Directed by Jeffrey Hunt
Gordon: “Why did you kill your mother, Jerome?”
Jerome: “Oh, you know how mothers are? She just kept pushing.”
First of all, let’s get one thing cleared up. Despite the trailers for this episode, we were not introduced to a younger version of the Joker. Instead we were introduced (for the second time since the show began) of the possibility of a younger Joker. Only this time, Jerome was far more overtly shown as a possibility than the comedian from the opening episode.
Personally, I could get down with this possible version that we met here. Cameron Monaghan might be a bit young for the role but boy, did he certainly exude all the creepiness that you would expect any future version of the Clown Prince to have in spades. That chilling laugh as Jerome confessed to killing his promiscuous snake charming mother certainly sold me onto him. Even the unflappable Leslie seemed visibly creeped out by the guy.
I know a lot of people (and I even include myself in this too) weren’t exactly jumping up and down over the idea of another Joker teaser but given that this was the second time in the space of sixteen episodes and the first where it was actually a plot point, I do think that Gotham is showing a remarkable level of restraint. It’s got to be so tempting to add that character in the show in some capacity but realistically they know it’s probably better to tease his existence every now and then and not go beyond that just yet.
The episode itself not gave us that second Joker possibility but it also introduced Haly’s Circus into the mix and gave us both John Grayson and Mary Lloyd, both of whom came from warring families (and relatives sleeping with dead Lila). I liked the snarky back and forth between John and Mary, especially at the bemusement of other characters witnessing and the hints of a little Robin in the future were done subtle enough not to bug even the most easily irate of viewers as well.
Of course because of Lila’s death and the eventual reveal of Jerome and the title character’s involvement (Cicero, who also turned out to be Jerome’s father), this episode explored an interesting dynamic with Gordon and Leslie. She rightly called him out on his hypocrisy and he was quick to also point out her own impulsiveness as well. Either way, the two of them continue to have excellent chemistry with each other and just click in a way that Gordon never did with Barbara.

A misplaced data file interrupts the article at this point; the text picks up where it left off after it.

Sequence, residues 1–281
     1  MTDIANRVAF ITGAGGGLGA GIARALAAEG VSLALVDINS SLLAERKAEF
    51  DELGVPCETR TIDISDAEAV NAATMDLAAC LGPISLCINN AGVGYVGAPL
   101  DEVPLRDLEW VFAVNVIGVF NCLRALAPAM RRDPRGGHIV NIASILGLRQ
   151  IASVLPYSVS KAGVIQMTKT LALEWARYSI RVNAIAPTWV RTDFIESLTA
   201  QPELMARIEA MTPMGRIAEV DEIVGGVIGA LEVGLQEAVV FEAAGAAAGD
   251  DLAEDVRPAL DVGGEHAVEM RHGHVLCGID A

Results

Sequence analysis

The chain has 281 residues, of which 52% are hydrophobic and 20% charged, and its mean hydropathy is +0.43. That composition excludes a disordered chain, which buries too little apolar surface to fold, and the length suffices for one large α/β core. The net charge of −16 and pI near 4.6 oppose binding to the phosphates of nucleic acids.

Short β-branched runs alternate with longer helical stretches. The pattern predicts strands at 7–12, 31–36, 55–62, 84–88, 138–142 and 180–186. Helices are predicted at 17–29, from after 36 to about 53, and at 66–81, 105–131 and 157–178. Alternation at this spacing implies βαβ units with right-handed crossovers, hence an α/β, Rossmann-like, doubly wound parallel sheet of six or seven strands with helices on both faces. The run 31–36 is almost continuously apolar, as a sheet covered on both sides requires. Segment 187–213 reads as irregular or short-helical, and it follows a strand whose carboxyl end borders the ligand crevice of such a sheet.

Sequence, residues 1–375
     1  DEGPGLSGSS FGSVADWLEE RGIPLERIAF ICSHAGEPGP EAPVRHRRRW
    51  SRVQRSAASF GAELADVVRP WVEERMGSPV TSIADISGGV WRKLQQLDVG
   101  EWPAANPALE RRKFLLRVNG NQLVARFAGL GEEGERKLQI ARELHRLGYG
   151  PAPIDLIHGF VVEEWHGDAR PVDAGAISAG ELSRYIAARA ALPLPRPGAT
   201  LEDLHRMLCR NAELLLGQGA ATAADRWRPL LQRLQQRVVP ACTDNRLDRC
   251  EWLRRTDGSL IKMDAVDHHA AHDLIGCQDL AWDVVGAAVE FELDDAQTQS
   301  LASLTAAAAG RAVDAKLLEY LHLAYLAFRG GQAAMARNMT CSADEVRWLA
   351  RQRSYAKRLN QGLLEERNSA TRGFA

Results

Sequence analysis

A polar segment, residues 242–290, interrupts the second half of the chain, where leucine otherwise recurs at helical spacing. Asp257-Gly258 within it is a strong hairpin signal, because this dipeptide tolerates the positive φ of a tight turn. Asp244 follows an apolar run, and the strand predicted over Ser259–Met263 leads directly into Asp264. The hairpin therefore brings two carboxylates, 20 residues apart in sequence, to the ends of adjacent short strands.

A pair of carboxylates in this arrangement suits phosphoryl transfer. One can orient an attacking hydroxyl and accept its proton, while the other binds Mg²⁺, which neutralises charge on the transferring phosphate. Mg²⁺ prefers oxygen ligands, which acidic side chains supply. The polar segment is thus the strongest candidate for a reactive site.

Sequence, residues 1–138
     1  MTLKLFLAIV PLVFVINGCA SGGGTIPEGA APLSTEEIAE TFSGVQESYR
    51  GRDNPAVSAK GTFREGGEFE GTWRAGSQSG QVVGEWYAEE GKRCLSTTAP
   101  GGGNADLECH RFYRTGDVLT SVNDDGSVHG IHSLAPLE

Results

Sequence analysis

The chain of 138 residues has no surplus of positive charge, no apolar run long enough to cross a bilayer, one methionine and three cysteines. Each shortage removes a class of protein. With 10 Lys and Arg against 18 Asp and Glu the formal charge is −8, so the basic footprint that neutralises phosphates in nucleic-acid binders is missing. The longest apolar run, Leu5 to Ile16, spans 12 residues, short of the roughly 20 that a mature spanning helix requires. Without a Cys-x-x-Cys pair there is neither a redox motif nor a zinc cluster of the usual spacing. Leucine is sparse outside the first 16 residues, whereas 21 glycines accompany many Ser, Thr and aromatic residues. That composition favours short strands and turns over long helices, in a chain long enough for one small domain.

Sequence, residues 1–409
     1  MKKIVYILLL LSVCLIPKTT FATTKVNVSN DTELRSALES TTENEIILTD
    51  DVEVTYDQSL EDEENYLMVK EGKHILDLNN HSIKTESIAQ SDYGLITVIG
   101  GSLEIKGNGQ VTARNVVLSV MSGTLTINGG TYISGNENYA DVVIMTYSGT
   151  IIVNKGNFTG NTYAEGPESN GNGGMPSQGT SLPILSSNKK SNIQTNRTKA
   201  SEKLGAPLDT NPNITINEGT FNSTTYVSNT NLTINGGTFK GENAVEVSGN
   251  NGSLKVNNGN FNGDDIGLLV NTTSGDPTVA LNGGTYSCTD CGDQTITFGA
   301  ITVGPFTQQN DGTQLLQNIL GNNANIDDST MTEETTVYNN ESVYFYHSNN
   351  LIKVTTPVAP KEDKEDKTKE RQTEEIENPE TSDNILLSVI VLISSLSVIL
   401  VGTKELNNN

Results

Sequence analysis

Speaking of Barbara, she finally re-emerged this week, looking worse for wear and being the weak point in an otherwise excellent episode. While I didn’t give a crap that she seemed miffed at spotting Gordon and Thompkins playing tonsil hockey at work, I was a little amused that instead of kicking Selina and Ivy out of her pad, instead she took dating and fashion tips from them. Bloody hell, sort yourself out, Barbara and fast, okay?
As for the rest of the episode – I really love that even when it looks like she’s beaten down; Fish knows how to rise again to power. She gave a moving and realistic speech that got her fellow prisoners to rally behind her and her pluckiness even paid off. As for who the manager is, well I think that one has been spoiled by the trailer for next week, hasn’t it?
Last but not least – Bruce too proved his mettle by going up against the condescending board members at Wayne Enterprises and it was a pretty glorious character moment for him as well. Perhaps Oswald who can’t seem to get his club to be a success should ask him for some advice. Now I love kooky Mrs Kapelput as much as the next viewer but Oswald, she’s bad for business and glassing clientele is also bad for business. At least Victor Zsasz and a seemingly brainwashed Butch might be able to help Oswald turn his luck around.
Also in “The Blind Fortune Teller”
According to some spoilers online, this was originally intended as a season finale. It’s a strong episode but maybe not a finale one though.
Mary: “The Graysons are a bunch of arrogant buttheads, that’s the problem.”
John: “The Lloyds are feckless drunkards is more like it.”
Leslie: “So, it’s a family feud?”
I’ve been saying this a lot but I really want this show to defy/ignore canon altogether and have Leslie as Gordon’s endgame lover. She’s way too much for this show to lose. Even Nygma seemed impressed by her in his brief appearance this week.
Fish (to her fellow prisoners): “We have one simple choice. We die here alone on our knees or we stand up and fight with our family.”
Gordon: “How do you feel about your mother’s love life?”
Jerome: “I feel fine about it. If not for my mother’s love life, I wouldn’t be here, would I? Sex is a healthy human activity.”
I loved Bullock’s reaction to the circus folk at GCPD but Essen’s reaction to Gordon using Lila’s snake as a tracker was utterly hilarious.
Leslie: “There are plenty of things in this world that cannot be explained by rational science.”
Gordon: “Yeah, people who enjoy folk dancing for instance. Ghosts don’t exist.”
Jerome: “Did you find out who killed my mother?”
Gordon: “You killed your mother, Jerome.”
Standout music: Between Gertrud’s singing and Oswald’s piano skills, it was a little more memorable than usual.
Gordon: “You’re an unusual woman.”
Leslie: “You just don’t know that many women.”
Bruce (to board members): “My youth is not relevant.”
Chronology: Somewhere after the events of “The Scarecrow”.
This episode was a genuine blast. “The Blind Fortune Teller” might get the accusations of being a desperate ratings grabber of an episode but aside from the fact that we were given no definite answer on Jerome’s future identity, the episode alone was just brilliant from start to finish. However it has come to my attention that it’s literally been yonks since we’ve seen Montoya, Allen or Dent so perhaps some of those characters should return fairly sharpish as well as Gordon getting back to trying to solve the Wayne murders. Other than that though, this was undoubtedly a season highlight.
Rating: 9 out of 10